Parole can be a useful tool in corrections, both for reducing the cost of incarcerating inmates and for helping ease them back into society. The conditional nature of the release can encourage good behavior while behind bars and a constructive attitude toward life once released under supervision.
Parole's most direct benefit is to relieve prison overcrowding and ease pressure on budgets. Full-time incarceration is expensive, especially in high security environments, and many facilities are already overcrowded. Parole offers prisoners a path to an early release, conditional on good behavior, and allows the administration to choose inmates least likely to re-offend or become a threat to society for this program. Those prisoners who do the most to earn parole are likely to work hard once outside prison walls to maintain their good behavior, preventing reincarceration.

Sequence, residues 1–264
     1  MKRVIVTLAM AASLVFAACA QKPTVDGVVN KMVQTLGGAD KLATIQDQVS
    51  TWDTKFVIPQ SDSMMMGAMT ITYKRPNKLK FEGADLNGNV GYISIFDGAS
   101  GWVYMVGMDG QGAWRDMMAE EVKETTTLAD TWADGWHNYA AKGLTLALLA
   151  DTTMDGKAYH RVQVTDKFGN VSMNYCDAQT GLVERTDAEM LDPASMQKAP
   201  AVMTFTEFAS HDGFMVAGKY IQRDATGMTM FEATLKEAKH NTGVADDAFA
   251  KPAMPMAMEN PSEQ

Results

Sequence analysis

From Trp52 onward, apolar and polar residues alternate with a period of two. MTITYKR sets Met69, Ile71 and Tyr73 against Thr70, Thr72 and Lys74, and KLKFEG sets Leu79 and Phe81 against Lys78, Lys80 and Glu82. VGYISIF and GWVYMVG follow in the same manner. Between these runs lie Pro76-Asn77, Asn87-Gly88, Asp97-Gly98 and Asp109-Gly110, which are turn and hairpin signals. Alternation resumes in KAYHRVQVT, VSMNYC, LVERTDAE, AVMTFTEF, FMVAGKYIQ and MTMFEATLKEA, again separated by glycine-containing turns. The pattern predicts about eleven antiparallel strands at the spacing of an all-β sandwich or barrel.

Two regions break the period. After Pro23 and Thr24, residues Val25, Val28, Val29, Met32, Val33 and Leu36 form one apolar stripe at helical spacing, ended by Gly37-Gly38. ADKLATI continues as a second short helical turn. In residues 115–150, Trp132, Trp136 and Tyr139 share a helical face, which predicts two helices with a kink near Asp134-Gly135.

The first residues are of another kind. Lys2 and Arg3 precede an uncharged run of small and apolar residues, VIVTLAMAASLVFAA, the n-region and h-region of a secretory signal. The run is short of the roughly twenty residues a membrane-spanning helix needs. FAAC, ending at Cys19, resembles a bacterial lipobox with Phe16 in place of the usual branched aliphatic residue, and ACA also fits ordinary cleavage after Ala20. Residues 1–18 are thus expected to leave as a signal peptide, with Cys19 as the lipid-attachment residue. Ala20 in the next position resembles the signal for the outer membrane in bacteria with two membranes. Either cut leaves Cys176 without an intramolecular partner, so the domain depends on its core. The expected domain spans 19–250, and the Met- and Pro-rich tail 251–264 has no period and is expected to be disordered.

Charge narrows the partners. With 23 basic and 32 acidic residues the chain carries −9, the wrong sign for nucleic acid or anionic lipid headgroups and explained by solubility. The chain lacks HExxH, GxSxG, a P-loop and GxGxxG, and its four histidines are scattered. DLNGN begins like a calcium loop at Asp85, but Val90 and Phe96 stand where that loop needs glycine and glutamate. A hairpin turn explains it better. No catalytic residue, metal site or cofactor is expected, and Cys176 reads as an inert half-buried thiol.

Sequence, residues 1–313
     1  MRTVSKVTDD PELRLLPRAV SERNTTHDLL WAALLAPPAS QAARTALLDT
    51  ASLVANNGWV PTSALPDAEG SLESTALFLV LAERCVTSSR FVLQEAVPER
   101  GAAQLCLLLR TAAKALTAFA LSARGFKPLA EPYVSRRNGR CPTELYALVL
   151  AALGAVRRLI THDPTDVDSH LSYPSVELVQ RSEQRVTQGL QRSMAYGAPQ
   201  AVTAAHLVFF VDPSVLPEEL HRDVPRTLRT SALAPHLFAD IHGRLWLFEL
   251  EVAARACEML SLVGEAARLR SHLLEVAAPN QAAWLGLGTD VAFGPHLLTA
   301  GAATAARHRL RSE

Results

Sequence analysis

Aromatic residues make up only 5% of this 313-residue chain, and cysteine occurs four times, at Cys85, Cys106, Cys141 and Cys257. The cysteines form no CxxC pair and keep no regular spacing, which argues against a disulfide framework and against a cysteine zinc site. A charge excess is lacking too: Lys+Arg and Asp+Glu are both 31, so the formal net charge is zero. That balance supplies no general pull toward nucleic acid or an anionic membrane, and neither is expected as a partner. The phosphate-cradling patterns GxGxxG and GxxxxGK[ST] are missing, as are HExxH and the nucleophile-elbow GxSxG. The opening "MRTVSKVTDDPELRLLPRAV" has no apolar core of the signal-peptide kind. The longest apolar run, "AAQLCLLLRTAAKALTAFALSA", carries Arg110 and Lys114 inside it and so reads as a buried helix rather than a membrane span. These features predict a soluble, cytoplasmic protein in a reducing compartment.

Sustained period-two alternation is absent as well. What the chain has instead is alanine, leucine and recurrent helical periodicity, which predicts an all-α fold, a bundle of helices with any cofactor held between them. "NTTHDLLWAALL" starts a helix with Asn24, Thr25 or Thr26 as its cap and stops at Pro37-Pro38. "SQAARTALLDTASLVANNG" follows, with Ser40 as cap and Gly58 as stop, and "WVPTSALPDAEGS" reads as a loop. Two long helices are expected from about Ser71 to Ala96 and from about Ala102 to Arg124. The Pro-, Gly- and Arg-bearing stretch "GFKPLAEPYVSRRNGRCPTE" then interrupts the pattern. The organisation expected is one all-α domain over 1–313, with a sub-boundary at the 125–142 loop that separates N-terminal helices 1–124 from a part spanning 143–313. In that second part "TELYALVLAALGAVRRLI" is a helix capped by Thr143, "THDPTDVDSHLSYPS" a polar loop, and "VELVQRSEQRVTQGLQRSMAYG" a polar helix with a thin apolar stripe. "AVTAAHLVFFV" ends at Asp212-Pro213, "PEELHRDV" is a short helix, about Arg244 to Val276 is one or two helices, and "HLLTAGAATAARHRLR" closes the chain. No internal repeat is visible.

Parole can also be seen as an intermediate step between incarceration and release. Inmates who spend years in prison can find adjusting to life on the outside difficult, making it more likely that they have difficulties reintegrating into society. Parole requires regular check-ins with correction officers, and when paired with programs designed to help parolees get their lives back on track, it can be a way of guiding an offender gently back into society.